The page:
Friday, April 24, 2015

I grew this crystal in sixth grade. It was a subsequent attempt of failed experiments. We were assigned to make a super saturated solution of alum, place it in a jar, tie a string to a pencil, and lay the pencil across the top of the jar so the string is suspended in the solution. The key was to not move the jar. It needed to be completely still for the crystal to form.
I did everything as instructed, except keeping my little hands off the jar. Every day after school I searched the jar for my precious crystal, only to be disappointed. I tried again and again. Other kids brought their crystals to school. Jealousy raged. Mom eventually threw out the solutions and that was that.
I wanted to try it one more time. I again followed all of the instructions to a tee, except this time I added blue food coloring. I decided to take the jar downstairs to the fruit cellar and place it on a shelf.
Time went on and I forgot about the experiment. Months went by. Then one day Mom sent me down to the fruit cellar to bring up a jar of tomatoes, my eyes couldn't believe what I saw. This large blue crystal lay in the bottom of the jar. Larger than any crystal grown by my classmates.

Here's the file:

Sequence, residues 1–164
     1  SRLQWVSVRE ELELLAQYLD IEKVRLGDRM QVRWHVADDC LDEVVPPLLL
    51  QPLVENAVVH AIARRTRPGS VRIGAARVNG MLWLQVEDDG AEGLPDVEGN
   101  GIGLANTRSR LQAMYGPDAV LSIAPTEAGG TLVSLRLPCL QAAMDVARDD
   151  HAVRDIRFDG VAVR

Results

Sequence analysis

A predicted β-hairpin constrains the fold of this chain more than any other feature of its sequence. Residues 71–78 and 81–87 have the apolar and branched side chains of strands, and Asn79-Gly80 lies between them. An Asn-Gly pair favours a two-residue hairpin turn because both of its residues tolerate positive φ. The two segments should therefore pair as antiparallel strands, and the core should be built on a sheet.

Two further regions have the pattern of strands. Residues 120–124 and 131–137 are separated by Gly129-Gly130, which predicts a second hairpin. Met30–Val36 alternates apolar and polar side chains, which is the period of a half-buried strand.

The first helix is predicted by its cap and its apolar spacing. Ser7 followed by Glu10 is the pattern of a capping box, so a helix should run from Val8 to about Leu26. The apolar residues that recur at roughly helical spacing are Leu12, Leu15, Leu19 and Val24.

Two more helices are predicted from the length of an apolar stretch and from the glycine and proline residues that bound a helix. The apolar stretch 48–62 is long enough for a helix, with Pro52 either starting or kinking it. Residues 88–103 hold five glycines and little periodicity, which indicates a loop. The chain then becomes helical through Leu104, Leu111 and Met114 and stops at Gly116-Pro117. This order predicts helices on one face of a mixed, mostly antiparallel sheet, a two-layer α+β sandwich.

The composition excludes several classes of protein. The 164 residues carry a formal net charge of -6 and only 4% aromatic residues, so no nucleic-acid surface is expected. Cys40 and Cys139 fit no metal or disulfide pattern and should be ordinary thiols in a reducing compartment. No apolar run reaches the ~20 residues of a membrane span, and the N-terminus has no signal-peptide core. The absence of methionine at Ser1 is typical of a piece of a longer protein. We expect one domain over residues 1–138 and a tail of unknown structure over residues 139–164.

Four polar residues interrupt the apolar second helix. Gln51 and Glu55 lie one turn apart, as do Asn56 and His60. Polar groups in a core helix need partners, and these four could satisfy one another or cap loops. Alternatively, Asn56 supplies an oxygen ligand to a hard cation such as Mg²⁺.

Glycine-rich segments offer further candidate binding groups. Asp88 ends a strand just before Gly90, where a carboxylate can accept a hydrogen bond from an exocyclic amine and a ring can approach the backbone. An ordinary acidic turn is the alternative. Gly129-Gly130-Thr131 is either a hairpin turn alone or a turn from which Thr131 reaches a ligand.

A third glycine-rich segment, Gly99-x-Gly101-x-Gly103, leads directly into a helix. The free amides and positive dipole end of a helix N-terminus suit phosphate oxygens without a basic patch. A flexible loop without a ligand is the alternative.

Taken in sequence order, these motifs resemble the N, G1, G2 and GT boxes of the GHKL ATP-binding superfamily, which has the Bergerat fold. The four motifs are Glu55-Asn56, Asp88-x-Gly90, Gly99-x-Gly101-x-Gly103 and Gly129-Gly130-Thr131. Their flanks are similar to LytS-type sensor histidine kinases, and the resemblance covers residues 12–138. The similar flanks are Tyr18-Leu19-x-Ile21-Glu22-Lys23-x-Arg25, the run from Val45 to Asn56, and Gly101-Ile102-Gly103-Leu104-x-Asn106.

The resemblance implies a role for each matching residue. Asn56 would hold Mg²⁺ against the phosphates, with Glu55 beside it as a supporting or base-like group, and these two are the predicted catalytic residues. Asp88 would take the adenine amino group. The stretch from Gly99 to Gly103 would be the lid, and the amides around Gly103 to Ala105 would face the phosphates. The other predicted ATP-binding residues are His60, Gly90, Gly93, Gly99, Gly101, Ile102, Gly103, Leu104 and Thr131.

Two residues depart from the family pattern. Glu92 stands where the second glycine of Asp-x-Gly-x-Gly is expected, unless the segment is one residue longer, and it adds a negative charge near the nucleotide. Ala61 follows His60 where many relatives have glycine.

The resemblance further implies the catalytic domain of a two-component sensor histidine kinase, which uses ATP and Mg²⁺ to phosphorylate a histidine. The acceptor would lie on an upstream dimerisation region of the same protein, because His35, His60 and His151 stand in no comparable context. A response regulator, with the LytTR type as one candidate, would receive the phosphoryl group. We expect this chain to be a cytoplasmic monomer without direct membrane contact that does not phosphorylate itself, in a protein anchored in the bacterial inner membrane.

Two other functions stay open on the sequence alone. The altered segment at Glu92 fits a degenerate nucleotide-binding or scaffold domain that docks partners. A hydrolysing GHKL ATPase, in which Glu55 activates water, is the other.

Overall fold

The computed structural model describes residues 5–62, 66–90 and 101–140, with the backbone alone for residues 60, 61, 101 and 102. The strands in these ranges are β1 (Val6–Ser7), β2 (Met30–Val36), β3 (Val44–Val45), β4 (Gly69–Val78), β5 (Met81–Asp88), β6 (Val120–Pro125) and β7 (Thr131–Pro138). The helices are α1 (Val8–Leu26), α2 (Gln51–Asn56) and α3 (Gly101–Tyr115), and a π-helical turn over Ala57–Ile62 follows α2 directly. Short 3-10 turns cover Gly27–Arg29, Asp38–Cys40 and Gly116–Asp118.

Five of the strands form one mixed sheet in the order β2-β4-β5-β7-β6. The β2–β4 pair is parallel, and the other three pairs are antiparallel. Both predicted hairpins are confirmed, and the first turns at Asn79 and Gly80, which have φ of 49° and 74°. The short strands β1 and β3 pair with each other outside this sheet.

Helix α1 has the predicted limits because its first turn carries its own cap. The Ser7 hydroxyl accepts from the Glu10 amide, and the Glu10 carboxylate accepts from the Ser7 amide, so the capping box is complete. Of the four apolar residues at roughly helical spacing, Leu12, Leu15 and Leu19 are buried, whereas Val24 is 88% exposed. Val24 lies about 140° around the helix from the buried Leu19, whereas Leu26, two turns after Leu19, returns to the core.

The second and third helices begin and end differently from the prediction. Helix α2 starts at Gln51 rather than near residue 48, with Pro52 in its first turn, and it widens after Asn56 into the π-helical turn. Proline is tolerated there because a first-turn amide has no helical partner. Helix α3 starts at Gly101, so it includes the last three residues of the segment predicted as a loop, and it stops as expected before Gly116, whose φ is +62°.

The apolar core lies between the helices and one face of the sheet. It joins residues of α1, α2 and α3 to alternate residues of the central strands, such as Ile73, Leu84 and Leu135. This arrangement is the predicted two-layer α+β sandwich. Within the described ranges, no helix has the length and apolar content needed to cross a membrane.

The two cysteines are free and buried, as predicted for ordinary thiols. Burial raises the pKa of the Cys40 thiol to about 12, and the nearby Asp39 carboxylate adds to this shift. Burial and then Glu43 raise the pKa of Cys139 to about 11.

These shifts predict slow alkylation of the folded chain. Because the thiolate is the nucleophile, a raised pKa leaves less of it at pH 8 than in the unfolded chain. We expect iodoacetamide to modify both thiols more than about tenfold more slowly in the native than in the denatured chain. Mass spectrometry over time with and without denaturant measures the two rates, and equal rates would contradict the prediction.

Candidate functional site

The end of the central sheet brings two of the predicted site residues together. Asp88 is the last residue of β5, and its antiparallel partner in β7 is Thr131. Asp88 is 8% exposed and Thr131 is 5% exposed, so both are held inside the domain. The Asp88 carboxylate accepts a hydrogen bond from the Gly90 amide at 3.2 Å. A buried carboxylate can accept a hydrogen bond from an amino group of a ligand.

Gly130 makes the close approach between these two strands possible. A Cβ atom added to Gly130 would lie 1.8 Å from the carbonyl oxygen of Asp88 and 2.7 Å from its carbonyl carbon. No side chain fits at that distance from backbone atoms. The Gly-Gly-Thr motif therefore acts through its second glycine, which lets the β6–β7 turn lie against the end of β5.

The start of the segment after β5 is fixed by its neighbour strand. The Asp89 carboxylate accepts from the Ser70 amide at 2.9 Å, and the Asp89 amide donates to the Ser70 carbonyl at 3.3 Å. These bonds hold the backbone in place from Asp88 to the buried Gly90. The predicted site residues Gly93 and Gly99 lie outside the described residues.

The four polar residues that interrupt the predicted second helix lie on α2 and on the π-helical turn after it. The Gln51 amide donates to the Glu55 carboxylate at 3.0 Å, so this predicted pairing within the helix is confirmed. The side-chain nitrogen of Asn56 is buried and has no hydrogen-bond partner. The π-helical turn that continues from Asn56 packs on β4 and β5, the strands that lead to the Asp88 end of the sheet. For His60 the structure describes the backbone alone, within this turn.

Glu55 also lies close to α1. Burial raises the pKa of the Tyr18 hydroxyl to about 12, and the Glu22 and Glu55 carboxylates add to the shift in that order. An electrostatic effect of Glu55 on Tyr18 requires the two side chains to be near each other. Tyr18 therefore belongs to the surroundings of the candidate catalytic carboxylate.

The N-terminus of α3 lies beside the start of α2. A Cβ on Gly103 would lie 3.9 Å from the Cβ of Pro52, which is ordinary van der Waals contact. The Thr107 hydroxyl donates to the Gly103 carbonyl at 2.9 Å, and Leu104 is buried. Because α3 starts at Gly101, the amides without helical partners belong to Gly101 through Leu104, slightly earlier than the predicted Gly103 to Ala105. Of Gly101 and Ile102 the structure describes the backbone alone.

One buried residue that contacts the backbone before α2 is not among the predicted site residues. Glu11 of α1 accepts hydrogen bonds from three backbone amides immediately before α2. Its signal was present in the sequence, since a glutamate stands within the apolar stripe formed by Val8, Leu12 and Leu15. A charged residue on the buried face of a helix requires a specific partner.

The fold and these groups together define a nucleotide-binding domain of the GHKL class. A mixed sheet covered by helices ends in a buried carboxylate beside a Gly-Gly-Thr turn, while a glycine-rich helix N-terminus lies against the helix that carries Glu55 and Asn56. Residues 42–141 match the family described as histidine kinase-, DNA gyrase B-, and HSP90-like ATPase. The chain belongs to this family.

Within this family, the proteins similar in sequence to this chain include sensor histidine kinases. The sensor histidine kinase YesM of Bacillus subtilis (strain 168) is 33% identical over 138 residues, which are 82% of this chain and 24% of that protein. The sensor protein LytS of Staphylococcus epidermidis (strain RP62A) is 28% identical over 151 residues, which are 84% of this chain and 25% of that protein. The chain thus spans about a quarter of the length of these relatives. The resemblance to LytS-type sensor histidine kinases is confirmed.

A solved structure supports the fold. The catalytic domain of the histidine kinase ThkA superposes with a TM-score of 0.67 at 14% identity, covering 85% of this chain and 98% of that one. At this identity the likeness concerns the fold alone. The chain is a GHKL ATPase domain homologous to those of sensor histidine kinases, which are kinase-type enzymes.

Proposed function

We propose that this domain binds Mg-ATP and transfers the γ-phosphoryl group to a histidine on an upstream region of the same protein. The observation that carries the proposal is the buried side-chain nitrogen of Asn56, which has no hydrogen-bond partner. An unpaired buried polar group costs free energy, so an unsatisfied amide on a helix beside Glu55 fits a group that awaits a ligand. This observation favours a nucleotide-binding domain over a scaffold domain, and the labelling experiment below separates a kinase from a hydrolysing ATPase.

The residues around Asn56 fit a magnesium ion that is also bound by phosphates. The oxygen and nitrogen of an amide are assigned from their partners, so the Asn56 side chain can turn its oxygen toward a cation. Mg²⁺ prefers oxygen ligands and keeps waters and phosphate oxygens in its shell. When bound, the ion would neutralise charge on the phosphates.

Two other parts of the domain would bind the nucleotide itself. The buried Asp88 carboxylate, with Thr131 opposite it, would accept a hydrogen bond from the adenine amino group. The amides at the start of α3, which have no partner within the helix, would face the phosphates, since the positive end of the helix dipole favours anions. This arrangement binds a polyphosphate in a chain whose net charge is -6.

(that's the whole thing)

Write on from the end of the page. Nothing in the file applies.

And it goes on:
Who would know 50 years later my grandsons would play with this same crystal? Who would know it would inspire their mother the help them grow blue crystals? Who would know she would try to grow a larger one by super, super, super saturating a solution only to create a pan caked with crystals?
When I was 12, I wasn't thinking about keeping this crystal all my life. I wasn't thinking about it as a success after failure. My only thought was is was precious to me and placed it in my jewelry box.

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